This week, I was her guest, and we discussed top-of-mind topics for so many Vancouver residents. What should we do about foreign investment? Should you buy or rent? If you can’t afford Vancouver, where should you live?

In her opening editorial, Connolly responded to the province’s recent budget announcement that it is going to begin collecting data on foreign purchasers of real estate.

While on the surface this seems like a reasonable undertaking, Connolly questioned whether it will be possible to collect accurate data on the citizenship and country of residence of buyers. She worried this exercise could lead to misleading information that might do more harm than good.

More importantly, rather than question where investment came from, she thought we should accept it, and try and benefit from it. She applauded the recent proposal from UBC and SFU academics to tax vacant foreign-owned properties, provided we used the funds to build affordable housing.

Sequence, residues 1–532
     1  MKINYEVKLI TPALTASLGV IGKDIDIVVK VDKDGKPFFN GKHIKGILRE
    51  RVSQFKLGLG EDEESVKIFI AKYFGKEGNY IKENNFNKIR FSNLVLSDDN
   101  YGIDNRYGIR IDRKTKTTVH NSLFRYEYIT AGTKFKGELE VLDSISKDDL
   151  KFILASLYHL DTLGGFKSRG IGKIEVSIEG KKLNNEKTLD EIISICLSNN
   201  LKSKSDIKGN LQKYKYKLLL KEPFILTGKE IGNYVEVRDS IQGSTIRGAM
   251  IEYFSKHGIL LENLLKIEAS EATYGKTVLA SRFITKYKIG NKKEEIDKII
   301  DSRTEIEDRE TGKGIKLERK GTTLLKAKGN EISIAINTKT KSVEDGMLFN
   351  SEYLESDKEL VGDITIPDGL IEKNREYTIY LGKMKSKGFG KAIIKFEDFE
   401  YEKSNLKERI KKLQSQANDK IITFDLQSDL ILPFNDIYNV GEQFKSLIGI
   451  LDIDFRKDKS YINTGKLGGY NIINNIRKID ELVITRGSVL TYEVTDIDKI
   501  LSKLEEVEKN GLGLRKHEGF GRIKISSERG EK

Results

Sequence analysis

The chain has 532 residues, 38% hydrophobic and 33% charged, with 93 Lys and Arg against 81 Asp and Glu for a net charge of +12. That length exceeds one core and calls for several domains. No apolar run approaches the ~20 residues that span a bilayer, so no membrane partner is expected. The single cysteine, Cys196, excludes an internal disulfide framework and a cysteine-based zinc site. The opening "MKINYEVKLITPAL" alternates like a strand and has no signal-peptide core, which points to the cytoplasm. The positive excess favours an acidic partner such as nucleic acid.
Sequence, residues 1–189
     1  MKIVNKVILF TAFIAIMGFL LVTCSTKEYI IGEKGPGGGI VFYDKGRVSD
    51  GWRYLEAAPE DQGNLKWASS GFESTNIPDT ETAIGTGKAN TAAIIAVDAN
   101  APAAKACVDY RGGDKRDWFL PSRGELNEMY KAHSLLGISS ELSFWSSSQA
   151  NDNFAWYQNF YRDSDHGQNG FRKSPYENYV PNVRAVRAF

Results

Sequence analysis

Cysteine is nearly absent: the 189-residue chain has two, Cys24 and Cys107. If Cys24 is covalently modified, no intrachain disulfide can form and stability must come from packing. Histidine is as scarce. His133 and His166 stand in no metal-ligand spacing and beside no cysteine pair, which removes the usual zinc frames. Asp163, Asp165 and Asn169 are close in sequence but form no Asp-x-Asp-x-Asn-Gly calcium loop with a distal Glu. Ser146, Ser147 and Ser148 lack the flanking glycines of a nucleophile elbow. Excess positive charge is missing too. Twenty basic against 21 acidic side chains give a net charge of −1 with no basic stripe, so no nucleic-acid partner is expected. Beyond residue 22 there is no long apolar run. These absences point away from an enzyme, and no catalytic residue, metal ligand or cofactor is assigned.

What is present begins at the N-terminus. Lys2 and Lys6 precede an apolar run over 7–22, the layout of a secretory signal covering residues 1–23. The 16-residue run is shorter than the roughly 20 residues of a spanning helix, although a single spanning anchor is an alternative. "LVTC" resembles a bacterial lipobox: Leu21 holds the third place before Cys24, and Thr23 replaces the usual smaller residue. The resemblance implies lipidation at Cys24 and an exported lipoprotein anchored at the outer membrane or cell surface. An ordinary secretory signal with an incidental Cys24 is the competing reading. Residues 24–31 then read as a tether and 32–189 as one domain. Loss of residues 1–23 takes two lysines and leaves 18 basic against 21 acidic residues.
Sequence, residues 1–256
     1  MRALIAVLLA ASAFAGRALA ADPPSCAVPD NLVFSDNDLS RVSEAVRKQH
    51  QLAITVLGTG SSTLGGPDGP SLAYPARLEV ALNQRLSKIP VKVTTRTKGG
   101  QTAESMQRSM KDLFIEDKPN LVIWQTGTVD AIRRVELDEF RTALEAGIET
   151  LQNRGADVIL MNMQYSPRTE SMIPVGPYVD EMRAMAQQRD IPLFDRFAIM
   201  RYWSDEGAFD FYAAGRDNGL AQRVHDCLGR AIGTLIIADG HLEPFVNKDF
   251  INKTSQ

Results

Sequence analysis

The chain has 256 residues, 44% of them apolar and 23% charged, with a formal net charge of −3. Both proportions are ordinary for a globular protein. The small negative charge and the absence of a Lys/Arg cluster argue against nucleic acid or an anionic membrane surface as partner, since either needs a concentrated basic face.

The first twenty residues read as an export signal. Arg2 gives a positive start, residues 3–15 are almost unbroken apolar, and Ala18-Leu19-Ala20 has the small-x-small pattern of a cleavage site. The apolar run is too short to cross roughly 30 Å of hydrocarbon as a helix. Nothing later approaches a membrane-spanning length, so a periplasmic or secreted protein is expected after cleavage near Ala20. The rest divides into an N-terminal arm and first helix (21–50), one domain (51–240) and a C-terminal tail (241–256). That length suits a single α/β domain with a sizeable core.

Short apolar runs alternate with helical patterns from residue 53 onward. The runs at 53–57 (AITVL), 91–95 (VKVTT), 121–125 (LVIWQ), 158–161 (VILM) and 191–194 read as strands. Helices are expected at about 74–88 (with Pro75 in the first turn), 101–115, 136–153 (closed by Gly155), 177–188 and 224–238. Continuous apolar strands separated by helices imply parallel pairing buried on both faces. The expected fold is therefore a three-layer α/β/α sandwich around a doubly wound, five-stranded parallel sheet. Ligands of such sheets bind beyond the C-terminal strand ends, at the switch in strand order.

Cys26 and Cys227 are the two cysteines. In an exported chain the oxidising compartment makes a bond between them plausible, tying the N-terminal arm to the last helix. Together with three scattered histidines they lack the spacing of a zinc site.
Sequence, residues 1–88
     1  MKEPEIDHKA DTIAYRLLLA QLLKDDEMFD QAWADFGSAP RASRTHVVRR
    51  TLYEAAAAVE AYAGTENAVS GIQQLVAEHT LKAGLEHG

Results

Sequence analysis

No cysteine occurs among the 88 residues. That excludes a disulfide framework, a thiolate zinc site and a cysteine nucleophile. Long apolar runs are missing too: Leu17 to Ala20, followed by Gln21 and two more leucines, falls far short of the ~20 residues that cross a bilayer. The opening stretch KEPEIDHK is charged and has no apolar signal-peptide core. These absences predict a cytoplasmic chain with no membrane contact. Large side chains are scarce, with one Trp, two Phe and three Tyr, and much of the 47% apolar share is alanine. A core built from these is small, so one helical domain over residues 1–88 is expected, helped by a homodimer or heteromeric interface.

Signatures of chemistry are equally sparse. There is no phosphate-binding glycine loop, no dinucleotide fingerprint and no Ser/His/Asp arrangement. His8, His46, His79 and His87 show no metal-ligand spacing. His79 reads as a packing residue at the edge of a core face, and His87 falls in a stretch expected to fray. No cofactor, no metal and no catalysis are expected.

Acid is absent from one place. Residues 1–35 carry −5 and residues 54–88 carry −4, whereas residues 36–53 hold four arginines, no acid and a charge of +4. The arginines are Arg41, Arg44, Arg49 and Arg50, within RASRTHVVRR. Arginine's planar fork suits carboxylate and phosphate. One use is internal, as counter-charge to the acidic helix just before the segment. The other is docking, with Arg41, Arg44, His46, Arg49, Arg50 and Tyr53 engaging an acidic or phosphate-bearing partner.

As readers of this column know, I have long questioned the effectiveness of trying to discourage foreign investment by taxing vacant properties. Instead, we should enforce our current tax regulations by charging income and capital gains taxes where due, and not allowing non-residents to claim principal residence status.

We then turned to calls. One of the show’s listeners wanted advice on where to buy, noting she and her sister could not afford to buy in Fairview Slopes or the Olympic Village, two areas where they both would like to live. Three different responses came to mind.

The first option was a shared purchase of a home with her sister, or another household. Since she mentioned Fairview Slopes, I told her about Fairview Village, a low-rise development completed in the early 1980s by my former employer Narod Developments. This development was built under the Multiple Unit Residential Building (MURB) program, a federal tax-shelter program that encouraged rental housing construction by offering investors significant tax write-offs. However, units were strata-titled and could be sold off as condominiums after so many years.